High Stakes Testing Has Gone Too Far and Has Got To Go

Friday, March 1, 2019
Last month, both houses of the New York State legislature passed a bill that would restore some collective bargaining rights to unions regarding teacher evaluations and would end the mandate that state tests be used in those evaluations.
The bill, at present, awaits the signature of the Governor before becoming law.
While the bill is a big step forward, it does not eliminate testing from evaluations or do anything to address problems that have been widespread regarding the state exams that are administered to public school students in New York.
In a NYSUT membership briefing published on February 8, NYSUT President, Andy Pallotta, is quoted as saying the following regarding the current status of state testing in New York:
"Our work is not finished. We still need to ensure that the tests are developmentally appropriate and valid. The state's use of testing has become an obsession that must be stopped." 
One of the concerns put forth by those against high stakes testing is that test results can be manipulated and used as an excuse to punish schools and the students in them.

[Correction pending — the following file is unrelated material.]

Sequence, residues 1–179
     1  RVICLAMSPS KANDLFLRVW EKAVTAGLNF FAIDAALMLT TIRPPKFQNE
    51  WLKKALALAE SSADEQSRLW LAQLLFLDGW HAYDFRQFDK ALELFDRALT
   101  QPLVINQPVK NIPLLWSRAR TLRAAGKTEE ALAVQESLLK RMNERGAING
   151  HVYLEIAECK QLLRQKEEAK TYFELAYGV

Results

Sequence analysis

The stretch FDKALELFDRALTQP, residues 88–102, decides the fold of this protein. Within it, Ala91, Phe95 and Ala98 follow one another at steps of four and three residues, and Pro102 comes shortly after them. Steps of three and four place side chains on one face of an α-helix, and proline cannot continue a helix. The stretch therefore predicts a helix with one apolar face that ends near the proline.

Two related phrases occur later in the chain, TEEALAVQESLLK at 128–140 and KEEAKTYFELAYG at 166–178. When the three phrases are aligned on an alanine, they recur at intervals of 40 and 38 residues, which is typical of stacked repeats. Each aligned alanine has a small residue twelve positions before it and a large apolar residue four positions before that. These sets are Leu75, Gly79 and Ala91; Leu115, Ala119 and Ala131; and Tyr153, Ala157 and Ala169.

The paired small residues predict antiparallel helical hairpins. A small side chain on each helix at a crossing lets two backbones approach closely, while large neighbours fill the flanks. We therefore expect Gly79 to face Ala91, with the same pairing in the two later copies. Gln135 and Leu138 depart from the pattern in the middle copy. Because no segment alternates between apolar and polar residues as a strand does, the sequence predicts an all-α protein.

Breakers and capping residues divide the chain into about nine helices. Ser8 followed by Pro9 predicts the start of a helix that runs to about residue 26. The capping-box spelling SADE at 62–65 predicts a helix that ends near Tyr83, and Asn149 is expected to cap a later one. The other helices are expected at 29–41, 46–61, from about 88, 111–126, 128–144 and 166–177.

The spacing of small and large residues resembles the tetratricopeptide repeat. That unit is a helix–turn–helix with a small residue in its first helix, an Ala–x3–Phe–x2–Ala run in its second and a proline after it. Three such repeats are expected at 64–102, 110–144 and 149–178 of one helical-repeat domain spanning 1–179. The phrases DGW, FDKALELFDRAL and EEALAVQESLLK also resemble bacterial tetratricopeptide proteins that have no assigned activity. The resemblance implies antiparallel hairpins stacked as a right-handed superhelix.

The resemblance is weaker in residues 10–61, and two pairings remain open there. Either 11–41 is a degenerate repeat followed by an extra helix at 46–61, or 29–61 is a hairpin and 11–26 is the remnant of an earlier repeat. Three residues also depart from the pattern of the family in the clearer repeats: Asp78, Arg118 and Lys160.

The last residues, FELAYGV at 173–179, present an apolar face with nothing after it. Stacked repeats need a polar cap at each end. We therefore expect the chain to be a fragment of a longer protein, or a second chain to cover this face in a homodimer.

A prime example of this just took place in the state of Arkansas. In that state, lawmaker, Alan Clark, has introduced a bill that would reduce student lunch funding as a punishment for schools that fail to improve their reading proficiency rates on state tests.
Read that full story by clicking here.
The story out of Arkansas is just one of many examples of lawmakers attempting to use high stakes testing to serve their political ends. In some cases, those political ends involve gaining leverage over teachers in contract negotiations. In other cases, the ends involve using test scores as an excuse to turn schools into private charter schools that have no accountability to taxpayers.
Little to no evidence has been produced to date that shows any correlation between state test scores and the quality of education a student is receiving. In addition, there has been no accepted published that shows that results on high stakes tests are a valid means of determining the quality of teaching going on in the classroom.
NYSUT President, Andy Pallotta, is correct in his view that the state's testing obsession must be stopped. Until high stakes testing is eliminated from use in evaluating teachers and schools, there will continue to be the risk that scores will be used to do harm. The bill passed in the state legislature recently should only serve as a step forward towards the ultimate goal of getting high stakes testing out of the public schools for good. 


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